One of the world’s leading aviation analysts has labelled as “absurd” the notion that Boeing is looking at building a new aircraft – the 797 – to seat between 200 and 250 passengers.
On Thursday the Wall Street Journal reported Boeing is considering the launch of a new single-aisle aircraft and says the aerospace giant was exploring the idea with a few customers/suppliers.
New York-based Bernstein said “we doubt Boeing would launch such an airplane. This looks absurd, although Boeing is always discussing concepts like this with different constituencies.”
Bernstein said that its absurd because “Boeing is in the process of bringing the 737MAX back. A 200-seat airplane would cannibalize the MAX-10 and kill residual values for customers on the MAX.
“Second, it would lack commonality with the 737, which would be a barrier for 737 operators.
“Third, there is no technology jump to act as a catalyst. At this size airplane, composites would give limited weight savings and likely be more expensive to manufacture. There is not a next-generation engine on the horizon and engine OEMs are so cash-constrained that they would hardly prioritize developing one,” Bernstein said.
It adds that “any aerodynamic improvements are likely to be minimal.”
Bernstein said that it sees Boeing as “modestly disadvantaged versus Airbus at the large end of the A320 family (A321neo/XLR), as the A321 offers more flexibility on range/payload.”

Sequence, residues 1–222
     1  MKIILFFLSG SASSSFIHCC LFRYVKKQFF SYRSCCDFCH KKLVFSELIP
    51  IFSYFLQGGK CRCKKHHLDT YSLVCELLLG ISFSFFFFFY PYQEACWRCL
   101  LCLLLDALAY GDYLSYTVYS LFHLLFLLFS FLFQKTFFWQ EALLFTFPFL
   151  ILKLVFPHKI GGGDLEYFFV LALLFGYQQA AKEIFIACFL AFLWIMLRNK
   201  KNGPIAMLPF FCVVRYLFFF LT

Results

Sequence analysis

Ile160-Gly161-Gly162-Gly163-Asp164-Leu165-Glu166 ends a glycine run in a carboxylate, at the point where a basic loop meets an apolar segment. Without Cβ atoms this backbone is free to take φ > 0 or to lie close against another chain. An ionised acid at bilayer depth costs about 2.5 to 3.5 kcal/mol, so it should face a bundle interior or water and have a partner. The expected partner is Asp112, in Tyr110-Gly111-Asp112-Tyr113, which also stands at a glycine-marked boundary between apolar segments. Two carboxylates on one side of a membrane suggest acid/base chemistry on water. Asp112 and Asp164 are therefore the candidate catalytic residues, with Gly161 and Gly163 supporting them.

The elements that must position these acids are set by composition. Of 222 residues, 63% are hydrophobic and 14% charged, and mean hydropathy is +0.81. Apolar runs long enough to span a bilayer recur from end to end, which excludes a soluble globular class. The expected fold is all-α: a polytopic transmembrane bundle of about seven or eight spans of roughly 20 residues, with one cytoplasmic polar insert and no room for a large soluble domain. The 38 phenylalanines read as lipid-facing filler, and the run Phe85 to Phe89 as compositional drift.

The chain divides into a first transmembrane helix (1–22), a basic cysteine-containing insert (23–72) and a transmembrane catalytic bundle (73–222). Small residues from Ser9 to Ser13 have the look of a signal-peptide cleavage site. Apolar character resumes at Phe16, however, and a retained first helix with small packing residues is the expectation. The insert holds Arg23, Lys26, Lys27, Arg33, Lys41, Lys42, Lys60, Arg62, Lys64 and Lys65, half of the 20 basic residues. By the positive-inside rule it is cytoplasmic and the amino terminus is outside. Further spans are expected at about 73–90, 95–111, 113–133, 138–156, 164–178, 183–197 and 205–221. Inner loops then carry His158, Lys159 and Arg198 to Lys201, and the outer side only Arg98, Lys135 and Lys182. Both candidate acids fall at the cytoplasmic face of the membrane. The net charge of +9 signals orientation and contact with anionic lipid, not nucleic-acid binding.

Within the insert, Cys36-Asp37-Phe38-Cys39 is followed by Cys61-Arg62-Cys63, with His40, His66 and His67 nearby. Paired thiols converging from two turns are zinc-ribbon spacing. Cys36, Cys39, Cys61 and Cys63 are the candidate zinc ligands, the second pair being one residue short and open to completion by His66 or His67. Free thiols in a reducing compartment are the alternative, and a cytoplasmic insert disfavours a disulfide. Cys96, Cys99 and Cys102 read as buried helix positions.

But it says the 737MAX is still a “compelling airplane for most missions and we do not see a material shift away from it.”
Early in 2019, Boeing pushed forward on a New Midsize Airplane (NMA or 797) – a twin-aisle airplane with 220-270 seats and a range of 10 hours but the grounding of the MAX in March of that year also ground the 797.
“We saw the NMA as attacking a real market with new technology – and not cannibalizing Boeing’s existing products, Bernstein said. But it adds that it was sceptical that the NMA could be produced at the right cost.
When COVID-19 hit the whole program was shut down.
Bernstein says that the biggest issue is that Boeing is burning cash at levels never seen before, at a time when the demand has vanished.
“Major new investments at this time would make no sense to us, as we head into an uncertain winter”. “Because of the MAX, Boeing’s cash position was part of why the NMA did not go forward. The cash situation is much worse now,” Bernstein says.